Astrantia major 'Sunningdale Variegated'

Astrantia major 'Sunningdale Variegated'

Astrantia major 'Sunningdale Variegated'
Crazy variegation variation! On one plant, leaves were all green, variegated gold, and variegated white.

I’m going to attempt my road trip once again soon. Here’s hoping this time I actually get to shop and bring some of these new guys home.

2010-06-30  »  megan

Talkback x 8

  1. Patricia C, Portland, OR
    30 June 2010 @ 11:06 am

    You wanna know something funny? If you Google Fiscularia bicolor ‘Spinner’s Form’ you get 2 hits: Gossler Farms and Nestmaker!

  2. ricki - sprig to twig
    30 June 2010 @ 2:21 pm

    Great shots of the rosa…it’s been on my wish list for ages, but I would not have known to cut it back like that. So sorry about your back, and the aborted trip. After this taste, we will all be looking forward to your rescheduling.

  3. Loree / danger garden
    30 June 2010 @ 5:53 pm

    Back get better! You are too young for this.

    About the Fiscularia, I don’t know how similar it and Fascicularia (as spelled on the Cistus tag) are, but I lost my Fascicularia last winter, and I really protected it. Bubble wrap and a bucket for the cold snap. Of course last winter was extremely unusual so it may just have been my misfortune. It’s an amazing plant!

    As is that Rosa pteracantha! I know somebody who may want one…if there is extra room in your car on the next trip…

  4. Grace
    3 July 2010 @ 10:17 pm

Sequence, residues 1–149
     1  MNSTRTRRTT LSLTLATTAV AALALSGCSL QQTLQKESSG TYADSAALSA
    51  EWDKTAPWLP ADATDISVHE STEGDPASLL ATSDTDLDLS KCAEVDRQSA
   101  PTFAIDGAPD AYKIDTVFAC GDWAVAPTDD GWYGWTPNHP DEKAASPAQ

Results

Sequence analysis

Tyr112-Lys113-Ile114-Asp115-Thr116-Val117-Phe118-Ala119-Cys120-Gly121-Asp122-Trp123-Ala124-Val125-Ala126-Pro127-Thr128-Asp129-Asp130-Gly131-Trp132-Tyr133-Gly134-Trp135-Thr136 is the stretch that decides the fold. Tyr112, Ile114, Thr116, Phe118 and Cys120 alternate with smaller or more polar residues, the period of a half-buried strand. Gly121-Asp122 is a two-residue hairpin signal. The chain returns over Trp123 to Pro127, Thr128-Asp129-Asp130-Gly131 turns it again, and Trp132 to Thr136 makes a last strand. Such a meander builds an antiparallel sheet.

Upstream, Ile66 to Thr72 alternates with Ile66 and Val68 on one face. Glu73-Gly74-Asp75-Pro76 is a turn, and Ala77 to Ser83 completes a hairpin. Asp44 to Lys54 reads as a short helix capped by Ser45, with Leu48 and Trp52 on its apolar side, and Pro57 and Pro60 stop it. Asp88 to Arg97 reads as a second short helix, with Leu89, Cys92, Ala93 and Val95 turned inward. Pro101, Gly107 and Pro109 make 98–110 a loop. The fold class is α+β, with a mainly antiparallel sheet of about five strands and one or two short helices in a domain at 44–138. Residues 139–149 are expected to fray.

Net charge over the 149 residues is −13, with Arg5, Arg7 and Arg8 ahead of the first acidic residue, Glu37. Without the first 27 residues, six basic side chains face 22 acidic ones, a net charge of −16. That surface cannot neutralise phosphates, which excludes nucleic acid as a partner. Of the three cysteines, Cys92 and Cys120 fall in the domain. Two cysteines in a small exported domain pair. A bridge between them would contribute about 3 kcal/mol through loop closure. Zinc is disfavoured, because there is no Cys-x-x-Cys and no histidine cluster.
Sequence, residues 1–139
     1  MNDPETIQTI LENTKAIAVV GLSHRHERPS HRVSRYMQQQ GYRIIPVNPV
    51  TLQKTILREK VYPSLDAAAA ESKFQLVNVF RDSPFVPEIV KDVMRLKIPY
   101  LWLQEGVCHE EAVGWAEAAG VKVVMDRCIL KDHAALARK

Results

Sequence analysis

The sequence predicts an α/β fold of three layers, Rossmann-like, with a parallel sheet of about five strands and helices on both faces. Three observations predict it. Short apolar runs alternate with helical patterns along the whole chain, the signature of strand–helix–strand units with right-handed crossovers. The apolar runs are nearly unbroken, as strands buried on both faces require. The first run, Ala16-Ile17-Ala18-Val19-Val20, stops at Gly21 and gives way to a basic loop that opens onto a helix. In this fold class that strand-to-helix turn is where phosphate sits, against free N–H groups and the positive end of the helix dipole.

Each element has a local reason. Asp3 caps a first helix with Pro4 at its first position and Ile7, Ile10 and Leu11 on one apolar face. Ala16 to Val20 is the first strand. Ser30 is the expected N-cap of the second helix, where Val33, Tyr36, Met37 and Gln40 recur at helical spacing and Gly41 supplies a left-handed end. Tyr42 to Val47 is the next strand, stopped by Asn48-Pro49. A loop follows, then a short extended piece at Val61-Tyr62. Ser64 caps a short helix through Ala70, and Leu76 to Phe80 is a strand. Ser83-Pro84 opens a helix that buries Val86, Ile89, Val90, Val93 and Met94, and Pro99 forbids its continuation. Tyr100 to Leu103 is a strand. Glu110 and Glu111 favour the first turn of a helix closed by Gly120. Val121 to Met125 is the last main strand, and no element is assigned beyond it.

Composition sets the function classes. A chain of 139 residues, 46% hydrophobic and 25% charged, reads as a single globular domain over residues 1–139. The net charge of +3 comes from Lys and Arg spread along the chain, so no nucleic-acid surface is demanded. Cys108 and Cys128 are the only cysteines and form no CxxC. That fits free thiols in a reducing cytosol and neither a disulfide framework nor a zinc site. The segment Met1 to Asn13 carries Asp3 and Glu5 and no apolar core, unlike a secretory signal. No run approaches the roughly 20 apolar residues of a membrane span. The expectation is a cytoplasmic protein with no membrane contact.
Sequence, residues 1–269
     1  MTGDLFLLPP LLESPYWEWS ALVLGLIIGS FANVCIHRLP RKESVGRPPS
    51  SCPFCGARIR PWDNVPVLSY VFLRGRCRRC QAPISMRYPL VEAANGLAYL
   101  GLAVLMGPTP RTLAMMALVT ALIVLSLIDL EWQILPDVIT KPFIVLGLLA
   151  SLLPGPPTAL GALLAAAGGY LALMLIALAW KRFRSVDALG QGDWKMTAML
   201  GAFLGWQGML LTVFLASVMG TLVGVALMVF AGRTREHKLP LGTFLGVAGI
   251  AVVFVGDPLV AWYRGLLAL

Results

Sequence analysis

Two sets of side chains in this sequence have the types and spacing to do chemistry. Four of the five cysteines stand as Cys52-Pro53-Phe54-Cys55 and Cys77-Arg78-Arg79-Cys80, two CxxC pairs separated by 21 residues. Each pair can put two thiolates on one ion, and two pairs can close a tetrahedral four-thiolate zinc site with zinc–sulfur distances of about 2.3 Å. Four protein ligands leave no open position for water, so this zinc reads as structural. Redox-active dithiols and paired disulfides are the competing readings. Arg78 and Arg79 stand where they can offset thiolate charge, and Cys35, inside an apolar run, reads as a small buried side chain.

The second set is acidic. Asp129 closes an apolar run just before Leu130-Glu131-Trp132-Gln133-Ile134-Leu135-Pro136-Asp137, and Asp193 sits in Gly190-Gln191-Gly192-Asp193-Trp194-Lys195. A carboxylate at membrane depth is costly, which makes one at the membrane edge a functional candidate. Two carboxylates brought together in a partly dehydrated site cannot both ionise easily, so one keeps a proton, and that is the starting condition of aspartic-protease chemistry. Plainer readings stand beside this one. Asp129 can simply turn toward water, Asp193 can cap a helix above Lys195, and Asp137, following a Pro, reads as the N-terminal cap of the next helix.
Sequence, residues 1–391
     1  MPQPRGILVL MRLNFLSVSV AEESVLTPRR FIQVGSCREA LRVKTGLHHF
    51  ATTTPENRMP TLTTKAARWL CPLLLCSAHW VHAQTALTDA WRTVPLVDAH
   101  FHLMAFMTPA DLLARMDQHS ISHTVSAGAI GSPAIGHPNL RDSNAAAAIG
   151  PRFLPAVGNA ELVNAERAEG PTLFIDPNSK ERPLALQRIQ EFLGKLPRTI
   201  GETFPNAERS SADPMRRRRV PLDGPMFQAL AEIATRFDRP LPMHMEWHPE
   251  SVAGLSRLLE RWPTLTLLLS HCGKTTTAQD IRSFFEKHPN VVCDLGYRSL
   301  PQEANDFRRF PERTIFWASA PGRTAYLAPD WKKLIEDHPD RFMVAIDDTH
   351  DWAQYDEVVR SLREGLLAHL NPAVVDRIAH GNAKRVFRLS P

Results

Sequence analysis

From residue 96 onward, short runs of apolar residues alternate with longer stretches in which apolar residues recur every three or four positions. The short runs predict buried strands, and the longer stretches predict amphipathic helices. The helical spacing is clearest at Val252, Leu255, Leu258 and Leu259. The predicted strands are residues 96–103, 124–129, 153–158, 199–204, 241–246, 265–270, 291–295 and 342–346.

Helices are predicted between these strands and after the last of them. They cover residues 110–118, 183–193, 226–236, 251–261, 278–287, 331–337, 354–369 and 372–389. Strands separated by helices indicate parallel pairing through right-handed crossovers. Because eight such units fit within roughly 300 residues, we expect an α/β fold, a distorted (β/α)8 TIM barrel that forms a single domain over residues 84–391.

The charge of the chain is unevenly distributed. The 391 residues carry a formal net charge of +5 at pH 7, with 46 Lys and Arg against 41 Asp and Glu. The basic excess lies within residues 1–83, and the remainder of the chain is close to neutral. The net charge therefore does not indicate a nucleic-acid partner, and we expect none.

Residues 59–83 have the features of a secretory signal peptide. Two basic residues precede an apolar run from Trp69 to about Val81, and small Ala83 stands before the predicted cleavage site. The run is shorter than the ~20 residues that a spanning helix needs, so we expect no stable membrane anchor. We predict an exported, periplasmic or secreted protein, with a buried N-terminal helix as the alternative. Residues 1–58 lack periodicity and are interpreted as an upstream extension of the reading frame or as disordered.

Hi Megan~~ First try and my computer burped. My apologies if this is a repeat and it probably won’t be because I can’t remember what I wrote anyway.

    Sorry about your back. This is just NOT fair!

    I’ve got this Acer. Apparently it was ‘Eskimo Sunset.’ Perhaps this was politically incorrect.

    I think I need the variegated Astrantias. I wish my Rodgersias looked this good. More compost. More water…. I think.

  5. Jane/MulchMaid
    4 July 2010 @ 6:34 am

    So sorry the bad back is still dogging you, Megan.
    The astrantia is lovely: looks like a wildflower. And the rogersia pinnata has wonderful red accents. They don’t look like the new growth…maybe the older leaves?
    Look forward to hearing more when you’re up to the return trip.

  6. tina
    5 July 2010 @ 2:26 pm

    That spotted acer is real cool. I have a ‘pseudo’ acer (Korean Maple) and love it! Sorry about your back. Hope you are feeling better now.

  7. Karen
    19 July 2010 @ 8:04 pm

    Missed this before, sorry to hear about your back. Hope it’s better by now! If it keeps up, I have a book to recommend before you go too far down the road of MRIs and PT and all of that.

    What a great lot of photos you got before you had to go, though! Love that one of the wacky rose thorns. Hm, the layout with plant name bolded, then the photo, then a brief but informative description almost looks like it belongs on another web site, one that (I hear/hope) is coming soon… :)

  8. Karen
    19 July 2010 @ 8:05 pm

    PS I got a grevellia from Gossler Farms, the guy I bought it from called Mr. Gossler himself to check on the hardiness! So, I feel like I’ve got a connection even if I’ve never visited the actual nursery.